Saturday, February 28, 2009

University of Vermont P&SS Seminars

Saturday, February 28, 2009

Blustery and cold here on the mountain this morning. Yesterday's high of 50 degrees and sunny was replaced by dark and gusty and 11 degrees. As I look out the window I can see where a coyote came through the field to the compost pile sometime after midnight when the snow crusted over and travel became easier. It's years like this when I really fear for our deer population because snow is deep and travel is difficult for them.

I have been remiss in not posting enough about events in the area which will benefit some gardeners. I'm always tossed between local conversation and the world at large. I have had correspondence from India, Saudi Arabia, Sweden, and New Zealand this week, hence the confusion of who I am writing to. Just the same I figure that what I offer might provoke thought about a similar resource in your locality. Here goes.

The University of Vermont is located in Burlington, Vermont and like any land grant college it has a College of Agriculture and a division of plant and soil science. Recently I heard that they offer seminars most every Friday afternoon at 3 on a variety of subjects. The seminars are free and open to the public and located in the Stafford Building adjacent to the greenhouses. Here is the schedule.

Yesterday the seminar was listed as Garden Marketing and Trends and was presented by Kathy LaLiberte, the Director of Gardening for Gardener's Supply. If you are familiar with the area you know that Gardeners Supply merged last year with Four Seasons Garden Center in Williston and the merger took two of the finest gardening companies in New England and shared their information and resources.

But anyway--the seminar. Other than the fact that I should have picked a seat up front so I could hear better and also the fact that those skimpy little fold-down lecture hall seats don't accept a maturing gardener with a bad back, the lecture was super. Kathy is one of the original Gardener's Supply founders so we're talking a long period of experience gardening in Vermont. If you get a chance to hear her speak sometime, it's worth the hour.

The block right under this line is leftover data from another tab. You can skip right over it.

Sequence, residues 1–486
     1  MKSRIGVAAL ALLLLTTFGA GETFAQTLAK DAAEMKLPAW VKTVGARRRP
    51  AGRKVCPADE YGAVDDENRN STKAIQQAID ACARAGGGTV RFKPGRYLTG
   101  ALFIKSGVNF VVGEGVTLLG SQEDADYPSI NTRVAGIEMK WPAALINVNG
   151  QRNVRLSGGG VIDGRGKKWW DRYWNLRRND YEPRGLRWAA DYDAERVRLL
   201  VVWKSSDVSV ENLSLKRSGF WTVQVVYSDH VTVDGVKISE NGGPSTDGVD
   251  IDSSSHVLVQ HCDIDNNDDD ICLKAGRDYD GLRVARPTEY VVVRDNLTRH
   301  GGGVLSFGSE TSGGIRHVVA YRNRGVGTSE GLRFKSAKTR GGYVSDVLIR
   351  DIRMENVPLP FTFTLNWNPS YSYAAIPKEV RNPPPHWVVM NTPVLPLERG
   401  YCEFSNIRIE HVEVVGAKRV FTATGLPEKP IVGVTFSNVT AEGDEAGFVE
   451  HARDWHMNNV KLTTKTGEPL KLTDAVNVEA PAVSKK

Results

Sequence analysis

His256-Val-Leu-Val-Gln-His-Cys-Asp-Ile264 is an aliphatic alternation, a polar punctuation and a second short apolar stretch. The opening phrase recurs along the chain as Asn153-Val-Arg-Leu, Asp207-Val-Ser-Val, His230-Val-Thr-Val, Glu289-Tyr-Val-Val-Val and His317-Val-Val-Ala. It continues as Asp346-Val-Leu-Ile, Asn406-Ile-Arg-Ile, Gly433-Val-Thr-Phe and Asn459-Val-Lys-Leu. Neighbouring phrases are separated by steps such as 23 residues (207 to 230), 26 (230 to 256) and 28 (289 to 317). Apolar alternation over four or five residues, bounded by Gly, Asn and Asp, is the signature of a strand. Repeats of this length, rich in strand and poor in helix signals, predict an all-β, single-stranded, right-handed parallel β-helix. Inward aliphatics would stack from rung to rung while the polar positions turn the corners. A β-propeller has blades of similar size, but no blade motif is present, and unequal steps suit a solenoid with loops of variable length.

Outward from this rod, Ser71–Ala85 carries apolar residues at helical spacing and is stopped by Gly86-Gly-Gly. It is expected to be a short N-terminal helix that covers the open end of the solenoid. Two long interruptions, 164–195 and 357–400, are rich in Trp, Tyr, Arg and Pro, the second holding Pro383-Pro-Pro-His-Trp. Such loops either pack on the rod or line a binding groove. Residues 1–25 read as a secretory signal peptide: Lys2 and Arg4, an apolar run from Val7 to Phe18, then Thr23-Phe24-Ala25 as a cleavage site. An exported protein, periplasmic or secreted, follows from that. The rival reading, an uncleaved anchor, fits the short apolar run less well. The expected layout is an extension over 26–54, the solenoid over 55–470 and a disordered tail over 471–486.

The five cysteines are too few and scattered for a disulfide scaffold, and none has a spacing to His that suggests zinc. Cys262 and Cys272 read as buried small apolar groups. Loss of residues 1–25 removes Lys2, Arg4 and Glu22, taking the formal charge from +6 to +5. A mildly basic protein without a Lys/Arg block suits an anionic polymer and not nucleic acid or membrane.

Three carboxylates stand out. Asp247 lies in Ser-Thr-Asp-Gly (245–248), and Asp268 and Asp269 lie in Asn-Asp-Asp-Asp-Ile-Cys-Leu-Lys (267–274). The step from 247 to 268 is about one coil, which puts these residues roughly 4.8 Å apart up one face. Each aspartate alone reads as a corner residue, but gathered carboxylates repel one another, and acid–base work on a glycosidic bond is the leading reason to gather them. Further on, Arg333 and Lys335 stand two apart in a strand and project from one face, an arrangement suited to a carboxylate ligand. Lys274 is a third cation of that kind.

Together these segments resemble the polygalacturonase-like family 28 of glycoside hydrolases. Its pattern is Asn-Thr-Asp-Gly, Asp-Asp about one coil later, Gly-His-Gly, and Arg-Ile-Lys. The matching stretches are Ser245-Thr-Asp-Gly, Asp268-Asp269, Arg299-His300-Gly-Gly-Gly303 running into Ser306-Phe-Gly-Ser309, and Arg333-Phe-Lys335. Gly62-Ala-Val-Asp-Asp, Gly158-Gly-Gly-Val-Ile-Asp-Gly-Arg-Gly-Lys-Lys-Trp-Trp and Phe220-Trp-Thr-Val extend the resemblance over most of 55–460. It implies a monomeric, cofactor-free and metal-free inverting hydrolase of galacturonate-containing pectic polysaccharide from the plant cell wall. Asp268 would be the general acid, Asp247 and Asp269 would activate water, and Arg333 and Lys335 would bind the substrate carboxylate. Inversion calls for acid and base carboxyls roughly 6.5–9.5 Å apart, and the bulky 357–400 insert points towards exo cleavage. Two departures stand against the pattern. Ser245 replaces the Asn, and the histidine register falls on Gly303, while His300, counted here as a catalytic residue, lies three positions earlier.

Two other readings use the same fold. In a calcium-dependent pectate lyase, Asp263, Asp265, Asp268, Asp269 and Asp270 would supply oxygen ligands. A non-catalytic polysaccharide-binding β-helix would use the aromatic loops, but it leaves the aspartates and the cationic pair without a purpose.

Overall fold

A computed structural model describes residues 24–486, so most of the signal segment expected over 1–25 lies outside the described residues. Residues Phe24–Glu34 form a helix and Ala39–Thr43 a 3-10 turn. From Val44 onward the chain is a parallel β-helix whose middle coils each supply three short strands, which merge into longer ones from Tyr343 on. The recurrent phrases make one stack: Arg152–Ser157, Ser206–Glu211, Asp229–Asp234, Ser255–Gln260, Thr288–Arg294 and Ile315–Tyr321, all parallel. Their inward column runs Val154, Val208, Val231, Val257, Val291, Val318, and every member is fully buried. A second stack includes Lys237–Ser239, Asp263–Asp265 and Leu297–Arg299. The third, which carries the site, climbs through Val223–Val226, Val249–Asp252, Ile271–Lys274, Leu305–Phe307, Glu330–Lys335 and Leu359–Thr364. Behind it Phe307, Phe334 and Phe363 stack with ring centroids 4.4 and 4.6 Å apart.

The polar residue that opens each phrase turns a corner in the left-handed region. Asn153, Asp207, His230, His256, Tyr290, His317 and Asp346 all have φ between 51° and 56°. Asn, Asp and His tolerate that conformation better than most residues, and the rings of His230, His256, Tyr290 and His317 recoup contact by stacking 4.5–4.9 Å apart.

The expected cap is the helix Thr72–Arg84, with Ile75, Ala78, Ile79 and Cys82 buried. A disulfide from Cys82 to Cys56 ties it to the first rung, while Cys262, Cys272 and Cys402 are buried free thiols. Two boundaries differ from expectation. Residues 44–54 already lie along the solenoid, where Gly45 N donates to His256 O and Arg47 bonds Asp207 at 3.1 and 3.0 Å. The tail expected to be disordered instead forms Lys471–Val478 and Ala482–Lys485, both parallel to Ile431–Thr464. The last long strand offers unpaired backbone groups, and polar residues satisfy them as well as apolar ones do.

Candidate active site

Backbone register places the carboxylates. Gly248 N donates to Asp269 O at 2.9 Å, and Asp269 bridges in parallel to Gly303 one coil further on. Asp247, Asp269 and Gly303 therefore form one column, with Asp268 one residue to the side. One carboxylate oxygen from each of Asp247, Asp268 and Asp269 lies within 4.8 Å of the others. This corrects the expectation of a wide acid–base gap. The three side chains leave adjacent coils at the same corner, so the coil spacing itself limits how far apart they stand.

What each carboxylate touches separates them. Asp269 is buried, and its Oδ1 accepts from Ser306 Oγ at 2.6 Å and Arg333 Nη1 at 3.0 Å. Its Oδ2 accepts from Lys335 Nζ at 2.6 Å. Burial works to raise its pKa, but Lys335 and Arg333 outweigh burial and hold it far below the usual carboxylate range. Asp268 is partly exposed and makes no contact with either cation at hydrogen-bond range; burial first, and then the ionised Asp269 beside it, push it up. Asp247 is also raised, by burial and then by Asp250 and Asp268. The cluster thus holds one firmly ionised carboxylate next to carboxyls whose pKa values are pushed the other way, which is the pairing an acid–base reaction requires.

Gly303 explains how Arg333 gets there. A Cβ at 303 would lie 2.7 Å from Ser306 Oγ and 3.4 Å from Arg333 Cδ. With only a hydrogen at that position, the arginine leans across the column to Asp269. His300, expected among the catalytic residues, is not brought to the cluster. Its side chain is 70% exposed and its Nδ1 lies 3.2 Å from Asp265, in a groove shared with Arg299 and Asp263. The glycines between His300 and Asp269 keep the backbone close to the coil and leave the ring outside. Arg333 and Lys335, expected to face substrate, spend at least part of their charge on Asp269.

I was interested in the demographics of the company and how things had changed since it's inception. Originally the customers were mainly men aged 62 and over. Over time that has changed and although I didn't take notes I think the ratio went in favor of women like at 52%. The most important change to me was that age has decreased and there's an interesting split now with more favorable ratings in the area of the 30 year olds who want to get into gardening. That tells nursery owners like Gail and me that we have to gear our marketing and our seminars to younger customers who may be new to gardening. We are good at describing our customer profile but we are still in a slightly older profile with a higher concentration of women. You have to temper our review with the fact that we not only offer only perennials but we only offer specific perennials--hostas, daylilies, astilbes and shade plants so that concentrates the market some more.

The other point of interest was the fact that the first Gardener Supply gardeners were mainly interested in vegetables and that's where the original emphasis centered. That's not a surprise. As I have mentioned in earlier writings, the post WW II days gave constant reminder to the lean times of the Depression and the things that people sacrificed for the the war industry.

If you can think back 30 years, there was an abundance of greenhouses growing annuals and there were no box stores as we know them now. If you wanted annuals or vegetable starts or perennials you went to a farm stand or a greenhouse. That has all changed and GS experienced that change and responded to it.

So from the predominance of vegetables to the integration of perennials came the current trend that is different in several respects. From a nursery owners perspective, this is important to remember at all levels--not just the changing interest, not just the change from vegetables but the influence the advent of box stores had coupled with the American lifestyle and accompanying need for instant garden (and other) gratification.

The day's of six packs of plants has changed to garden centers offering large pots which give the impression a garden has been growing for some time. Now people want large plants, different plants, showy plants, low maintenance plants and they often want them right away. This whole lifestyle change lead to a company named Proven Winners which offers pots of perennials and shrubs in mature sizes. The same large pots easily transplant to containers as the container gardening market has really caught on too.